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CJT
Lancaster
History graduate; ex-teacher; lifelong Tory; resting councillor; RC
Interests: American History; travel, flying and cruising; philately; cricket; music (classical and opera); languages; liturgy; housing; environment.
Recent Activity
But we seem to be in a cojones deficit situation and I can't see the present Parliament passing the legislation you want, even if the cojones were available in abundance!
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The trouble is that the Tories have NOT taken over. We have effectively a Lib Dem government with people like Cable and Huhne calling the shots. Even Tory Ministers seem to be determined to preserve this state of affairs until 2015 at least and don't so far evince the guts to tell Clegg and friends to either support meaningful measures to promote growth or face a General Election soon.
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People do see the light, you know. On the other hand careerists without principle tend to join whatever party will give them the best chance of some sort of power and status. We even saw a couple of ex-'Thatcherite' 'No Turning Back' types join 'New' Labour when it suited them. And don't forget dear Quentin Davies.
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Because Clegg has lost the ability to bring down the government any time soon, it's time for Cameron to flex his muscles rather than let Clegg and Cable come out with the comments you report unpunished. That he doesn't makes him look either scared or like a crypto Lib-Dem himself. I have been saying this ever since the AV referendum.
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Our current policy seems to be to de-industrialise our economy to no-one's benefit but that of countries like China and India, who will churn out CO2 until the cows come home. At the same time we inflate our own energy costs by building inefficient wind turbines, many, at sea, massively vulnerable to attack and also requiring onshore conventional back-up for when the wind doesn't blow. I can't believe that we can or should go on damaging ourselves in this way.
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Where are the figures for Cameron? Did we leave him off the poll or are we suppressing the awful reality?
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In the event of full fiscal integration, even fullER integration, a Referendum should be held as to whether UK citizens would support our continued membership of the EU. Sooner or later our position inside the Union but outside the Euro becomes untenable and our costs incurred in sustaining it become unsustainable. Time to wake up and smell the cappucino!
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The real problem is this. In order to 'detoxify the brand' and 'show that we've changed' Cameron ring fenced the NHS, increased Overseas Aid, and is wasting Lord knows how much on useless windmills. These are his priorities because they are the priorities of the 'Liberal' media establishment whose approval he craves. Thanks to what this government has done to aircraft carriers, Harriers etc. and a Strategic Defence Review conducted in ludicrous haste, we cannot perform as we should even in Libya. I note that Argentina is now investigating having a nuclear sub of its own. I wonder why and has anybody told our friend on his hols in Tuscany?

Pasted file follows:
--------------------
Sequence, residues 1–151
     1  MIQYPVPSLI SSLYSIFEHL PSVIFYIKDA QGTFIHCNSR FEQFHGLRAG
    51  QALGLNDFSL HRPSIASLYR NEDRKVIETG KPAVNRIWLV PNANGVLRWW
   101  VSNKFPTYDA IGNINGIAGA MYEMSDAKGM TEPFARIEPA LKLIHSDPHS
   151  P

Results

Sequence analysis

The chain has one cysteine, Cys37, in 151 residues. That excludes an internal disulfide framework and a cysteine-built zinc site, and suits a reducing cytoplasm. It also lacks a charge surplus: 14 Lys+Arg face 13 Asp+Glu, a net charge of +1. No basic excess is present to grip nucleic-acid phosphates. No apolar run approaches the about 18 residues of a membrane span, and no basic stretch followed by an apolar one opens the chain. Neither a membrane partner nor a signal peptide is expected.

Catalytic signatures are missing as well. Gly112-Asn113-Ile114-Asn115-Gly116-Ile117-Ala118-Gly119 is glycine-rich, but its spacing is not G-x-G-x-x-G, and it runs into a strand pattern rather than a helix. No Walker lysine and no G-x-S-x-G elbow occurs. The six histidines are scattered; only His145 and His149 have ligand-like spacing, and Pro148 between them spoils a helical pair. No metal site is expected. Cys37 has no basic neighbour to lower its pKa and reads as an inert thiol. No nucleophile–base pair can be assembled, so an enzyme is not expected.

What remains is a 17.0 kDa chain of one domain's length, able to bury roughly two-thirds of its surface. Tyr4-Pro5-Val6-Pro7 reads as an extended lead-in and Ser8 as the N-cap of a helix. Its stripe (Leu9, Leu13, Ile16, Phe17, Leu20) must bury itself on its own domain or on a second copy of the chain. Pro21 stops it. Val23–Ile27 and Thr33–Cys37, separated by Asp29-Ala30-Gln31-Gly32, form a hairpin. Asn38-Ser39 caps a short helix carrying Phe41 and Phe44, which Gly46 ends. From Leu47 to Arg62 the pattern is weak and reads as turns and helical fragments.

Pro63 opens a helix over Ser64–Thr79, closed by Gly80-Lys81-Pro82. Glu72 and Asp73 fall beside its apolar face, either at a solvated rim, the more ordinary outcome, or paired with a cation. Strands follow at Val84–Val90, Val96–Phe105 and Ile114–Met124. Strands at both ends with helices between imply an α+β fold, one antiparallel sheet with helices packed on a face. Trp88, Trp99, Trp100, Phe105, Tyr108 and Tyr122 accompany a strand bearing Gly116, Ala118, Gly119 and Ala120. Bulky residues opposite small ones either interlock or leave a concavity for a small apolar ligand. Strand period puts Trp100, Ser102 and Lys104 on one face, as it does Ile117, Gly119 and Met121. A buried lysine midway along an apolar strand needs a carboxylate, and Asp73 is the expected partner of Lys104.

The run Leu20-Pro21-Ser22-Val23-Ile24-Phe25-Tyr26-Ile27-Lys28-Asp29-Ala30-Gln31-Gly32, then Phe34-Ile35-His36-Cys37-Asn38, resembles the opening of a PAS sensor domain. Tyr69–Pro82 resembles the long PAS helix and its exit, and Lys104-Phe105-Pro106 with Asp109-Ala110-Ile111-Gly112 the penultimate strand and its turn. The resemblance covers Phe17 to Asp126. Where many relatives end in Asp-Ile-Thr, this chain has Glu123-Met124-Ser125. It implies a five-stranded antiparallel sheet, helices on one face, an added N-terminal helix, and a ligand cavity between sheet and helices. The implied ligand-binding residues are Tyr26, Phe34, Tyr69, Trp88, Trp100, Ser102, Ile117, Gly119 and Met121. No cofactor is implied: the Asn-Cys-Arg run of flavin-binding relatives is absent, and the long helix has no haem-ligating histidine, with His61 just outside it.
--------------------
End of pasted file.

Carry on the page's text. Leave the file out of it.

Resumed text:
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This cat has lived most of its life waiting for a Conservative government. I think I'm still waiting! On that, Mr. Angry, you and I are completely of one mind.
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I agree with you Elaine. But while we remain wedded to the LDs - and Cameron seems to be determined to give in to them at every turn to keep this 'coalition' in being - we will never be able to do otherwise. That's why support for the Coalition is falling and support for Cameron is falling with it. After the local elections (and referendum and Scottish and Welsh elections) Cameron was in a very strong position to make the LDs support our policies. He could have threatened them with a GE otherwise and I can't see any of them wanting that with their poll support in single figures. But he blew it, leaving quite a lot of people I talk to with the impression that he is really not a Conservative at heart himself and is using the Coalition as a defensive wall between himself and the Conservative Party.
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Perhaps you haven't met that many real Tories. You should get out more! We were too keen to effectively write off the Commonwealth in the 1970s even after De Gaulle said 'Non!' But Britain's interests are global not just continental, which is how the Commonwealth came to be in the first place. Things change but this fact hasn't changed for centuries. Incidentally we are surrounded by water and and a lot of our trade with the rest of the world travels by sea. For which reason we need ships and a Navy to protect ourselves, and aircraft carriers with planes on the them! Would the PM please note this?
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Perhaps Mr. Balls should be held personally accountable for his actions that day and the damages be paid by him! That would be REAL accountability!
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Martin, I'm afraid that the 1940s shibboleth about 'free at the point of need' will have to go sooner or later. Why? Partly because it simply isn't affordable and risks bankrupting the country. Moreover, such a scheme can never be truly patient centred. Under our NHS, as established by the Labour party in the era of rationing, patients are realy just clients receiving whatever a vast army of petty bureaucrats decides they can have. This applies even in such small things as fixing up appointments to see the GP, how much notice you have to give (often several days) if you need a repeat prescription for long term medication etc. Rationing runs through every aspect of it in ways not now found in any other aspect of life in Britain or in any other country whose health services I have had occasion to use.